Imagine driving behind a diesel truck spewing clouds of smoke into the air while your new fully electric vehicle cleans up its carbon emissions. This dream may soon be a reality. A team of 35 students from the Eindhoven University of Technology in the Netherlands has created a Zero Emission Mobility (ZEM) vehicle – a fully electric, battery-powered EV that captures carbon dioxide (CO2) as it drives.
This, according to its own creators, could change the world’s perception of mobility for years to come in a sporty all-electric cr from the Netherlands resembling a BMW coupe, but unique.
Called ZEM, for zero emission mobility, the two-seater houses a Cleantron lithium-ion battery pack, and most of its parts are 3D-printed from recycled plastics, Lahaije said.
The target is to minimize carbon dioxide emitted during the car’s full lifespan, from manufacturing to recycling, he added.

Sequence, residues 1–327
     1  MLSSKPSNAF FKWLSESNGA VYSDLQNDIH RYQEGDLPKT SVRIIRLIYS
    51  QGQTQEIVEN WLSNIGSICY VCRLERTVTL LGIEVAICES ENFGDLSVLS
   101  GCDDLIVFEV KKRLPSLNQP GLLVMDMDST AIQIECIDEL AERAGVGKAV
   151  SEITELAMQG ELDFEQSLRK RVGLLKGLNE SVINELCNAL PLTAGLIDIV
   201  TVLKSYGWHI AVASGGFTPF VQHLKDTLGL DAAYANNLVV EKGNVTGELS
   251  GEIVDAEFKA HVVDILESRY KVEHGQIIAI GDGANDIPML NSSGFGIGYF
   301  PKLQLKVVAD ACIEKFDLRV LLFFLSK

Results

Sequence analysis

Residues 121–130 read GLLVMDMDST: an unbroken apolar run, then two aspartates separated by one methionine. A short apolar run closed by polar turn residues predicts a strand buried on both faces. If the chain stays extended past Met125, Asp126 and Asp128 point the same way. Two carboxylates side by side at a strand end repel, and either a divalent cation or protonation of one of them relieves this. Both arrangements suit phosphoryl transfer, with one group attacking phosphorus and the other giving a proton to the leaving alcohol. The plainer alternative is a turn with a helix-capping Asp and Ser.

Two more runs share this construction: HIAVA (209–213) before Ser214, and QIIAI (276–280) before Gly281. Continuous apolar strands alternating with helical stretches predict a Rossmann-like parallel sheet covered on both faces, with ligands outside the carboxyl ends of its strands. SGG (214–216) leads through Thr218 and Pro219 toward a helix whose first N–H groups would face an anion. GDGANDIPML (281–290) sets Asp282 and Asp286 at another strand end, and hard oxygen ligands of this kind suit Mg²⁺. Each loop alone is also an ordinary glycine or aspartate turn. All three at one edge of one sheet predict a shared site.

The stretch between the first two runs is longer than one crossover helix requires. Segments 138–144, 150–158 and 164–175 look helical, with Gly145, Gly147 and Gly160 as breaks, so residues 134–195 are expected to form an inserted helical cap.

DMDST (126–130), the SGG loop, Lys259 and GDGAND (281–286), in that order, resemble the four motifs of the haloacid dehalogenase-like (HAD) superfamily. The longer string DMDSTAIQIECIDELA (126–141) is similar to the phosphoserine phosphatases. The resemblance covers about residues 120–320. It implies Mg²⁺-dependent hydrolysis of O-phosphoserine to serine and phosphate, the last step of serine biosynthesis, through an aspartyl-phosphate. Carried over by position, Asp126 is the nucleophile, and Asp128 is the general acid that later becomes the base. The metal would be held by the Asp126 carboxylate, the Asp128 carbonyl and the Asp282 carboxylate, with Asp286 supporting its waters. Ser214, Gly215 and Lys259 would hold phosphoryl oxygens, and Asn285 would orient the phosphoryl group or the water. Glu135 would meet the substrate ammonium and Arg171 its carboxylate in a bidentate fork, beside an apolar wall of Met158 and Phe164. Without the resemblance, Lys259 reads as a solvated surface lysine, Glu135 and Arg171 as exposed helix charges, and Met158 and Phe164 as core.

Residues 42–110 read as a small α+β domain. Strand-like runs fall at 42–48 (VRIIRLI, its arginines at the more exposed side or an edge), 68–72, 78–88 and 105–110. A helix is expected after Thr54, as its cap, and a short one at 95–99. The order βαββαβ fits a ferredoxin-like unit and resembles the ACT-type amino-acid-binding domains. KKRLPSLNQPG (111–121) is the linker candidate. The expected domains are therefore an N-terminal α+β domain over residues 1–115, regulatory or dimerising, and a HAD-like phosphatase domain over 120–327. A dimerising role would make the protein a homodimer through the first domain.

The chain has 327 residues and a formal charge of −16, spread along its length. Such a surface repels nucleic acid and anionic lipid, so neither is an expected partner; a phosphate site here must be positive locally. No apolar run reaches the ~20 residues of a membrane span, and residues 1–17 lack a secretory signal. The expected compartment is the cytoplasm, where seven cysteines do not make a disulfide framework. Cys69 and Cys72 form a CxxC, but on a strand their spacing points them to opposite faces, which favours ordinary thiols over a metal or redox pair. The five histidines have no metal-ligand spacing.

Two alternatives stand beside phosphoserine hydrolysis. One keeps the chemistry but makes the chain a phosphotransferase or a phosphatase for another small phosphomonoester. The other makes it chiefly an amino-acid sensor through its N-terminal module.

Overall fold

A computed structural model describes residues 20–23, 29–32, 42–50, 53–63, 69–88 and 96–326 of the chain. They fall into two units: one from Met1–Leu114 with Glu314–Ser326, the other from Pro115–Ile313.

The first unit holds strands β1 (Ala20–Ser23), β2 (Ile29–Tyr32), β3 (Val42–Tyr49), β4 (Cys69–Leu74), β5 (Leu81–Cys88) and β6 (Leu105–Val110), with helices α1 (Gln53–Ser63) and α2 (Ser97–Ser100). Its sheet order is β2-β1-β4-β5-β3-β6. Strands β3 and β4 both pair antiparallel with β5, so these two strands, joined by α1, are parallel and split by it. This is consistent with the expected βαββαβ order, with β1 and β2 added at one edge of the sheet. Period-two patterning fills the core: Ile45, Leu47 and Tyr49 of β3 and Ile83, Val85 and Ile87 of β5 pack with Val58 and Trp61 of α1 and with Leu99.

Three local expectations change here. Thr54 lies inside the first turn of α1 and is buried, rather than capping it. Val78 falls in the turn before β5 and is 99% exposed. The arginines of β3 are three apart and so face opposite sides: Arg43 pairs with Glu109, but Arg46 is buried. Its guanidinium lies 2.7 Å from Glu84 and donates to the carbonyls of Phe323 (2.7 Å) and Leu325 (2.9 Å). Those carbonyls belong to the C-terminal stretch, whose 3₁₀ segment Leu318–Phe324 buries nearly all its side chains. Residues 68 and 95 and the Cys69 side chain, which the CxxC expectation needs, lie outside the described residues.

ZEM uses two filters that can capture up to 2 kilograms (4.41 lb) of CO2 over 20,000 miles of driving, the Eindhoven team estimated. They imagine a future when filters can be emptied at charging stations.
Furthermore, and seeing the success of the vehicle, the Dutch university has proposed to the student team to patent under their CO2 capture filter. Increase its absorption capacity in the coming years and be able to manufacture and sell them to large automobile manufacturers,
The electric car is designed as a vehicle with a sporty appearance and with a single passenger compartment adapted for two passengers. The team says there is room for improvement in both design and construction, as the project focused solely on their ability to capture CO2.
A major problem, however, has been the cost of implementing this technology. If the team building ZEM can partner with governments and private companies to bring the carbon-capture filter used in their EV to the mass market, it could help make a significant difference in the transportation industry.